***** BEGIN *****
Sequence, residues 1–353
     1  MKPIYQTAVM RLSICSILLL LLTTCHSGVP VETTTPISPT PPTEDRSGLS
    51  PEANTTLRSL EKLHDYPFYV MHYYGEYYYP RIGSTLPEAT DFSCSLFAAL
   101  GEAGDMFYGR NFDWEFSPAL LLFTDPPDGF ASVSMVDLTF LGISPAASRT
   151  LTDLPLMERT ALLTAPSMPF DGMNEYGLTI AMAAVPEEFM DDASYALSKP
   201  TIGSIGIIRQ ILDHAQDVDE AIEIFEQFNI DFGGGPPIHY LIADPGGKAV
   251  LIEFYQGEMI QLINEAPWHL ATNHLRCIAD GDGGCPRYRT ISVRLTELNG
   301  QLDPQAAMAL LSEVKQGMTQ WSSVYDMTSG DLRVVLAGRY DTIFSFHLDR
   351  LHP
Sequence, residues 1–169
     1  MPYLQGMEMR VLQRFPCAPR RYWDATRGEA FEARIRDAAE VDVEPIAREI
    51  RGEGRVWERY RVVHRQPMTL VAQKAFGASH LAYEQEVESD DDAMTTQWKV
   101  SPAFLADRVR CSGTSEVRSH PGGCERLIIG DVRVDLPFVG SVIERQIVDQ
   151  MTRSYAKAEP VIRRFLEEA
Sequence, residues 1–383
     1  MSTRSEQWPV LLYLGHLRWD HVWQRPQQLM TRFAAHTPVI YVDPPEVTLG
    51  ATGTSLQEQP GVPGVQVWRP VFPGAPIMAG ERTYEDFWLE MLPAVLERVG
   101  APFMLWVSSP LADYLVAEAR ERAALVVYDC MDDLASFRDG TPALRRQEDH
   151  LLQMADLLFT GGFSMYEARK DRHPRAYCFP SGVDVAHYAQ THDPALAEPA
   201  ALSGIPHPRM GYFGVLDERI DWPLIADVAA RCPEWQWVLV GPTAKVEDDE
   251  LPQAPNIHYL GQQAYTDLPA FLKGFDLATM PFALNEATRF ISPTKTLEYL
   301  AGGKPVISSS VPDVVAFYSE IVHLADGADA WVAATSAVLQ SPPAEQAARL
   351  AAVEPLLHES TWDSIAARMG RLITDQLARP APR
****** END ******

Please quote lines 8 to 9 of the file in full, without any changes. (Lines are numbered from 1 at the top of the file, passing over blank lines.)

   301  QLDPQAAMAL LSEVKQGMTQ WSSVYDMTSG DLRVVLAGRY DTIFSFHLDR
   351  LHP